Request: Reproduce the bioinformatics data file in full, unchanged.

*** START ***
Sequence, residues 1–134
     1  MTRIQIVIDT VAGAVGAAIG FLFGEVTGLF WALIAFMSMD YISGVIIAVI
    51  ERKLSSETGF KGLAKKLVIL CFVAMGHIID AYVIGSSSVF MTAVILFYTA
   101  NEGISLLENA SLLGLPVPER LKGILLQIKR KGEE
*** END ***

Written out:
Sequence, residues 1–134
     1  MTRIQIVIDT VAGAVGAAIG FLFGEVTGLF WALIAFMSMD YISGVIIAVI
    51  ERKLSSETGF KGLAKKLVIL CFVAMGHIID AYVIGSSSVF MTAVILFYTA
   101  NEGISLLENA SLLGLPVPER LKGILLQIKR KGEE